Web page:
Just say no to pot measure

By The Bend Bulletin editorial October 08, 2012 02:22 pm

Editorial from The (Bend) Bulletin:

If you like the Oregon Liquor Control Commission, perhaps you’d be equally taken with a new Oregon Cannabis Commission that would deal with marijuana in the same way OLCC deals with booze. For us, that thought — of an OLCC-like OCC — is perhaps the least significant of several reasons voters should reject Ballot Measure 80, the Oregon Cannabis Tax Act.

Oregonians have generally viewed marijuana far more favorably than does the federal government. We approved the use of weed for medicinal purposes in 1998. Before that, we decriminalized possession of small amounts, though the fine for that violation was doubled. And, the state rejected an effort to recriminalize possession of even small amounts by a 2-1 margin in 1998.

Meanwhile, however, we rejected legalizing personal use and cultivation of the drug by a 74 percent majority in 1986. There are good reasons for doing so again:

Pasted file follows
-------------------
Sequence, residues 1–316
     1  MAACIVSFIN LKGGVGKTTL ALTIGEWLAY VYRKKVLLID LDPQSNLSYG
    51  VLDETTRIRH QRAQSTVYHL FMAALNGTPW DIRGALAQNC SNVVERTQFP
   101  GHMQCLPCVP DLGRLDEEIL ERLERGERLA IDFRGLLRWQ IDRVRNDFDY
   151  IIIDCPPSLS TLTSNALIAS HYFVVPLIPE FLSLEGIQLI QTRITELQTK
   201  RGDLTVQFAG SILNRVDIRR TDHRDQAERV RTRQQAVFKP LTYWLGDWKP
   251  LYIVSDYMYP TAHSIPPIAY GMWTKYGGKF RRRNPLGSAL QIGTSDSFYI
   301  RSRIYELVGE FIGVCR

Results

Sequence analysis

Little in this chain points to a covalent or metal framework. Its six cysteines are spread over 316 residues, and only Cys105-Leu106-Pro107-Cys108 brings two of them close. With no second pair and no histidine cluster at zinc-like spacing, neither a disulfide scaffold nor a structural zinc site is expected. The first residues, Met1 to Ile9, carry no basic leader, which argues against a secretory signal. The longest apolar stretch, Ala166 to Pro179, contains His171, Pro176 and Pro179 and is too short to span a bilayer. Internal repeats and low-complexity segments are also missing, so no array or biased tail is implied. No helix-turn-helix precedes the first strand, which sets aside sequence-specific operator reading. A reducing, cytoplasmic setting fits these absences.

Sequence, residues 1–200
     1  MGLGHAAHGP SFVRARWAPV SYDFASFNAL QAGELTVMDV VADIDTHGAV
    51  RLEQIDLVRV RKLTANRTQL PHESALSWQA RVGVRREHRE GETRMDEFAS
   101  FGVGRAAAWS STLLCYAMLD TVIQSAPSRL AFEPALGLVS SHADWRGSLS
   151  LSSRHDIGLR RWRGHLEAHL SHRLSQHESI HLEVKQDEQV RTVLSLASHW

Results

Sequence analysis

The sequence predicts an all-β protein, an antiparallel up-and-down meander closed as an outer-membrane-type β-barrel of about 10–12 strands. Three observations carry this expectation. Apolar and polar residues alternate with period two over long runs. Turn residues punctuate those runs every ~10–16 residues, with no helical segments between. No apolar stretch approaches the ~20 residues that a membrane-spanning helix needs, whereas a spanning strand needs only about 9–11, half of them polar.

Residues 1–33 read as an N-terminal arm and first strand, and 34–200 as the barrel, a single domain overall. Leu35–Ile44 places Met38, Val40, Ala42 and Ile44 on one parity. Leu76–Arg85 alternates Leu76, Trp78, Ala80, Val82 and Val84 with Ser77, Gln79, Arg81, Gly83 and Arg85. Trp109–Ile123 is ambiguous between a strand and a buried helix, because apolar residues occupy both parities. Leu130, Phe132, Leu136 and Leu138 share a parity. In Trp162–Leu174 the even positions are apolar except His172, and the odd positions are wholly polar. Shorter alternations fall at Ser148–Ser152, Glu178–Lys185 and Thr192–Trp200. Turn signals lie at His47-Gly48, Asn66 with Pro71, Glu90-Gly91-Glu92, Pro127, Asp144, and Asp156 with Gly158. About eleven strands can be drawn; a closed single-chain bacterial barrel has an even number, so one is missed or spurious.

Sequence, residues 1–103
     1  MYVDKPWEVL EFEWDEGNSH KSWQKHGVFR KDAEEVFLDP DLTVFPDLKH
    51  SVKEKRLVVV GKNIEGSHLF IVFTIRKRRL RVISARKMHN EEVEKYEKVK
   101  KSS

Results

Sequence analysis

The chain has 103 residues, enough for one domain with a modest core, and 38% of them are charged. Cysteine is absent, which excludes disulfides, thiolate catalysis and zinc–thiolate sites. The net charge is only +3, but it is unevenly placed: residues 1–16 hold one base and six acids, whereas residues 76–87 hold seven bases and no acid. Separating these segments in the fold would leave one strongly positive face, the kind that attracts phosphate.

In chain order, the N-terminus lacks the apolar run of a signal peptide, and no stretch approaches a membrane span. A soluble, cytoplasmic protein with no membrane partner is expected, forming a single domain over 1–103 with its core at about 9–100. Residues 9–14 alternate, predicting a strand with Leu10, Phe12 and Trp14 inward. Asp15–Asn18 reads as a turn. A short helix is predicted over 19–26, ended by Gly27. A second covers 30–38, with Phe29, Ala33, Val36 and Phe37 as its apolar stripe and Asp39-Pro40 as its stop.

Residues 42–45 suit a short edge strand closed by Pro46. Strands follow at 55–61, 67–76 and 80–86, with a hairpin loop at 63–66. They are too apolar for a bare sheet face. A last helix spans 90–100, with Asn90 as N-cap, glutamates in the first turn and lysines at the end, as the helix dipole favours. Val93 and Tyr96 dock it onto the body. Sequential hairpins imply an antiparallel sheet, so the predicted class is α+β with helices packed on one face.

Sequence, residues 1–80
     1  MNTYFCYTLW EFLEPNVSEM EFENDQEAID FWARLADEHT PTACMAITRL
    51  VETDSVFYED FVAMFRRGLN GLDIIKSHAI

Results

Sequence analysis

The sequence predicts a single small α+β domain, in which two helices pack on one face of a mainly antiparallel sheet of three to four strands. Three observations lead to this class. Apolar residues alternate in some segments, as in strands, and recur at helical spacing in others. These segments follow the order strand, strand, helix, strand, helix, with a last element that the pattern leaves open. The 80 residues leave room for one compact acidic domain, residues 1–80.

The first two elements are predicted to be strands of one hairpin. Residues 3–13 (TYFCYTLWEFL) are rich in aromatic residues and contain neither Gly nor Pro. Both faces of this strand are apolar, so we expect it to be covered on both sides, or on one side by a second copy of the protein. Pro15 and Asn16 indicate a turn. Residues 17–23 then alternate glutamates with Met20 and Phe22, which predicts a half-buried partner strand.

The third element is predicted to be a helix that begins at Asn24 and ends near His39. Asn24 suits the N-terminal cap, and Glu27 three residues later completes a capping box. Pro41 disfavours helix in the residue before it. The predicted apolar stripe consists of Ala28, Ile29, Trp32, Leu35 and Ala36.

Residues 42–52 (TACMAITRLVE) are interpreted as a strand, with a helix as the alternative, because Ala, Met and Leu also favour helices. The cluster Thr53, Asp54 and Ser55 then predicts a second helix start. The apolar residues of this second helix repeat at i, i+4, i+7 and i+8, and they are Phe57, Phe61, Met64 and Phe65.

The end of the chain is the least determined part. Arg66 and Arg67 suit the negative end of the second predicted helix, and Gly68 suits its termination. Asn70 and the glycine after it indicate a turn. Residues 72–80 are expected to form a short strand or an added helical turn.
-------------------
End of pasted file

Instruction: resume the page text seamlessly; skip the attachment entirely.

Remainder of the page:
• Oregon’s already casual attitude toward cannabis has made the state a haven for drug traffickers who know that allowances for possession and growth are generous and oversight is lax. Law enforcement officials say that medical marijuana selling for between $1,000 and $3,000 a pound in Oregon will bring $5,200 per pound on the other side of the country. Legalizing weed likely will make the problem worse.

• While marijuana might not lead all users to harder drugs, it’s true that some of those who do use hard drugs began with marijuana.

• It makes no sense to legalize a drug that — for some users, at least — impairs driving in the way that alcohol impairs driving.

• Nor does it make sense to legalize a drug that is illegal on the federal level. Attorney General Eric Holder has said nothing about the Oregon campaign, but he did weigh in on a similar effort in California a couple of years ago when he promised he would “vigorously enforce” federal law regarding the drug.

• And yes, we know that pot taxes would go to schools and that schoolchildren would be educated about the drug. Yet surely, even in financially strapped Oregon there are better ways to pay for schools. Our teachers also have enough to do without adding marijuana to the curriculum.

We all know the problems alcohol causes to the state, to abusers and to their families. Making another drug with the potential for abuse legal simply makes no sense.